months.
C. Participants were recruited by email from an online panel of consumers pre-registered (“opt-in”) to participate in
market research studies
Non-Pharmacist Dispensing in the US
Allowed (44 States)
Restricted (6 States)
MA– no specific law authorizing
MT – dispensing prohibited; some exceptions
NJ – dispensing allowed; but limited to 7-day supply
NY – dispensing allowed; limited to 72 hour supply
TX – dispensing not allowed; 72 hour immediate need
UT – dispensing limited to cosmetic drugs
NABP 110th Annual Meeting 05/20/14 Phoenix, AZ
Munger MA et al. Pharmacotherapy 2014
9
PRACTITIONERS QUALIFIED TO DISPENSE
MD, DO, DDS, DPM, DVM, PA, NP (38 States)
Restricted to MD, DO, DDS, DPM, DVM (6 States)
NABP 110th Annual Meeting 05/20/14 Phoenix, AZ
Munger MA et al. Pharmacotherapy 2014
10
DISPENSING PRACTITIONER REGISTRATION
Registration Required (16 States)
No Registration Required (28 States)
States require registration with respective professional board, except:
NE – register with BoP as “delegated dispenser”
NH – register with BoP as “limited retail drug distributor”
NABP 110th Annual Meeting 05/20/14 Phoenix, AZ
Munger MA et al. Pharmacotherapy 2014
11
COMPLIANCE WITH PHARMACY REGULATIONS
WHEN NON-PHARMACIST DISPENSING
Some Dispensing Requirements (17 States)
No Specific Dispensing Requirements (23 States)
Must Follow All Pharmacy Requirements (4 States)
NABP 110th Annual Meeting 05/20/14 Phoenix, AZ
Munger MA et al. Pharmacotherapy 2014
12
HEALTHCARE PRACTITIONER DISPENSING OF
PHARMACEUTICAL RX PRODUCTS
QUALITATIVE RESEARCH
NABP 110th Annual Meeting 05/20/14 Phoenix, AZ Munger MA et al. Pharmacotherapy 2014 13
METHODOLOGY
Sample targets were n=80 per specialty group split evenly between dispensers (in the past 3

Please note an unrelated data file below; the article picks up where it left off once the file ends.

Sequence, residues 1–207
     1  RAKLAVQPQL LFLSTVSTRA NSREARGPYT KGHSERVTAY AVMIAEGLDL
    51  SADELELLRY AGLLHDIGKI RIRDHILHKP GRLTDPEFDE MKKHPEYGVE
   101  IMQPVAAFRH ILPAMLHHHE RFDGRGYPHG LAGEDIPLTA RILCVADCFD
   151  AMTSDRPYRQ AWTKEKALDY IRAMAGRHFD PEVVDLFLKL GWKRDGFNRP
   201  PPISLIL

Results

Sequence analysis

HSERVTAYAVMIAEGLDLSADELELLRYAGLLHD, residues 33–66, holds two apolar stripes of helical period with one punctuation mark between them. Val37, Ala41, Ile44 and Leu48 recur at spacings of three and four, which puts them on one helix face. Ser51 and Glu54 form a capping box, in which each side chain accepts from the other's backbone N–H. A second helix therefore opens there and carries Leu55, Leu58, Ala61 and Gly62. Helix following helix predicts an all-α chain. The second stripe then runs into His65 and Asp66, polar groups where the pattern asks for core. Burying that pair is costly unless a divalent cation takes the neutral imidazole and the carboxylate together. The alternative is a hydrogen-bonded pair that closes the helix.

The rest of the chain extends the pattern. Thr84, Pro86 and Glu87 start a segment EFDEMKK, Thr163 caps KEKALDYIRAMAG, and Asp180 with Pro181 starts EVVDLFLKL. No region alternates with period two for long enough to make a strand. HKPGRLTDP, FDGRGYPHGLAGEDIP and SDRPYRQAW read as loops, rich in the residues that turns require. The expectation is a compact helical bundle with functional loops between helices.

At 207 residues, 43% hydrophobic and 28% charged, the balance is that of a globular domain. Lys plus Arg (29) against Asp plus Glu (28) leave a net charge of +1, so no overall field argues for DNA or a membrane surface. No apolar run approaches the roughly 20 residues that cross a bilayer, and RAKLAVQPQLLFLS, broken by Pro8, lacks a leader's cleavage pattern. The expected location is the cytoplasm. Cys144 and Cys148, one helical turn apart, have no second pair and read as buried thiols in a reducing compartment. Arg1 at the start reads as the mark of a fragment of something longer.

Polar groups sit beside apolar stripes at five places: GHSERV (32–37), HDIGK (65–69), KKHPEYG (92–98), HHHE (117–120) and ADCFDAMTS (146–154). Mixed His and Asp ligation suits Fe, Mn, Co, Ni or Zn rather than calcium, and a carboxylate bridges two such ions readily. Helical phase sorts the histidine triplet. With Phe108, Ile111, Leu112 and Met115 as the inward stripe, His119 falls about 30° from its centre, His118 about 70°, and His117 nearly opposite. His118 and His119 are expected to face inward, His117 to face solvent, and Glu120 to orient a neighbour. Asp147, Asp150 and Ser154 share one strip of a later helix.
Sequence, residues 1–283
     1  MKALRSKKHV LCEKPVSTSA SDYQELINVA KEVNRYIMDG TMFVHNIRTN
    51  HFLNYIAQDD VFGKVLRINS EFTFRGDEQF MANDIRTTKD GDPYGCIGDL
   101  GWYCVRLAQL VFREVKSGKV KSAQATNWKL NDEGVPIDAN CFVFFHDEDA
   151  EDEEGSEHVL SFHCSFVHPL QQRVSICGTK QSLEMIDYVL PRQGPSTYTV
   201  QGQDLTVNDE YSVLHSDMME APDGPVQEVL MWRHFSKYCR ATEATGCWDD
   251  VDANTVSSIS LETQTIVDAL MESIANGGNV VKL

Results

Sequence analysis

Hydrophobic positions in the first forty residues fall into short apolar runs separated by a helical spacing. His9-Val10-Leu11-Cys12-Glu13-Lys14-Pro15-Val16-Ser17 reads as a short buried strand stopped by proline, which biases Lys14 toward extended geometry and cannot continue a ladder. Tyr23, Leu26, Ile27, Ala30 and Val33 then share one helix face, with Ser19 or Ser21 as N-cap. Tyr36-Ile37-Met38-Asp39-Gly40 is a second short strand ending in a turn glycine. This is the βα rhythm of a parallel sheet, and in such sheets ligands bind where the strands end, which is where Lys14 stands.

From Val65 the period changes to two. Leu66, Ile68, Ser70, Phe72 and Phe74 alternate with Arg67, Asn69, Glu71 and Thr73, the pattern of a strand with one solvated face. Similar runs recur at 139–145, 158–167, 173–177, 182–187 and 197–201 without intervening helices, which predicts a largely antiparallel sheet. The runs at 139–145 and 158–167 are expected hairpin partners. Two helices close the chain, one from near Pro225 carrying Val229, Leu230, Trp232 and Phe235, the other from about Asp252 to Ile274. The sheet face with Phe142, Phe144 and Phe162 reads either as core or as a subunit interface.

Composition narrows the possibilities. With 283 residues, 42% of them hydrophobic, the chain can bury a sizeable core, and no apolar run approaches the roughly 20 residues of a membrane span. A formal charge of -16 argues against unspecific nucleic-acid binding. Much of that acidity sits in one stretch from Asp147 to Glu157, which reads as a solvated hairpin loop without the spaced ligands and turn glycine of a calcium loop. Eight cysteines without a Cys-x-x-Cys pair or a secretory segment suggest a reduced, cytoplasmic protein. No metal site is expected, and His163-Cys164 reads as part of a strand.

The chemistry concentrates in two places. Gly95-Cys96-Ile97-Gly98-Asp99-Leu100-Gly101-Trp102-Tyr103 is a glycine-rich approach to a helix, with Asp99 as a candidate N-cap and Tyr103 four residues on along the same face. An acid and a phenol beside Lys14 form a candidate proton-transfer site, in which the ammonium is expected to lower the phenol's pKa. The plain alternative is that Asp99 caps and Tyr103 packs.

months) and non-dispensers.
Specialty Type Dispensers
Non-
Dispensers
Total
Nurse Practitioners 32 32 64
Dermatologists 40 39 79
Plastic and Reconstructive
Surgeons
39 38 77
Hematologist-Oncologists 27 21 48
Medical Oncologists 13 19 32
Primary Care Physicians
(Family Medicine and General Practice)
40 40 80
Psychiatrists 40 40 80
Internal Medicine Doctors 41 40 81
TOTAL 311 309 620
RESPONDENTS CAME FROM ACROSS THE COUNTRY
Northeast Region
100 (26%)
South Region
118 (31%)
Midwest Region
83 (22%)
West Region
78 (21%)
DISPENSING IS MOST COMMON AMONG
DERMATOLOGISTS OR SURGEONS
Percent
Dispensing
Nurse Practitioners
(n=96)
56%
Optometrists
(n=273)
54%
Oncologists
(n=298)
67%
Dermatologists
(n=207)
75%
Plastic and Reconstructive Surgeons
(n=185)
72%
Prevalence of Dispensing by Specialty
17
Rx Dispensing is Done Very Frequently
e
48%
34%
10%
2%
6%
0%
100%
Rx Dispensers
(n=174)
Frequency of Dispensing Rx Products
(% Rx Dispensers)
1/Three Months
1/ Two Months
1/Month
Weekly
Daily
82%
dispense
daily or
weekly
18
OTC Dispensing is Done Very Frequently
e
51%
32%
11%
2%4%
0%
100%
OTC Dispensers
(n=171)
Frequency of Dispensing OTC Products
(% OTC Dispensers)
1/three months
1/two months
1/month
Weekly
Daily
83%
dispense
daily or
weekly
19
Patients Dispensed Medications Are As Likely
To Be Aged 65+
e
37%
33% 32%
0%
100%
General Non-Dispensed
Patients
(n=190)
Patients Dispensed
Rx products
(n=174)
Patients Dispensed
OTC Products
(n=171)
%HCPsPatientsAged65+
Patients Aged 65+
(Among Dispensers)
20
HCPs are directionally more likely to dispense to
patients without prescription insurance coverage
e
54%
47% 45%
0%
100%
General Non-Dispensed
Patients
(n=190)
Patients Dispensed
Rx products
(n=174)
Patients Dispensed
OTC Products
(n=171)
%HCPsPatientsWithInsurance
CoveringRxMedication
Patients With Insurance Covering Rx
(Among Dispensers)
21
3%
4%
5%
6%
7%
14%
21%
40%
25%
31%
28%
35%
61%
44%
100%
Patient Factors
Dispensers (n=190) Non-Dispensers (n=189)
Dispensers more likely than non-dispensers
to perceive patient benefits to dispensing
e
63%
50%
47%
45%
45%
32%
23%
7%
21%
16%
14%
16%
8%
10%
0% 100%
My patients are pleased that I dispense medications to them.
Dispensing by physicians in my specialty improves patient
adherence.
Dispensing by physicians in my specialty reduces the cost of
healthcare to my patients.
Dispensing by physicians in my specialty improves patient
safety.
Dispensing by physicians in my specialty reduces the cost of
healthcare to society.
My patients request that I dispense medication to them.
My patients are willing to pay a premium for the convenience
of receiving their medication at my practice, rather than at a
pharmacy.
*
*
*
*
*
*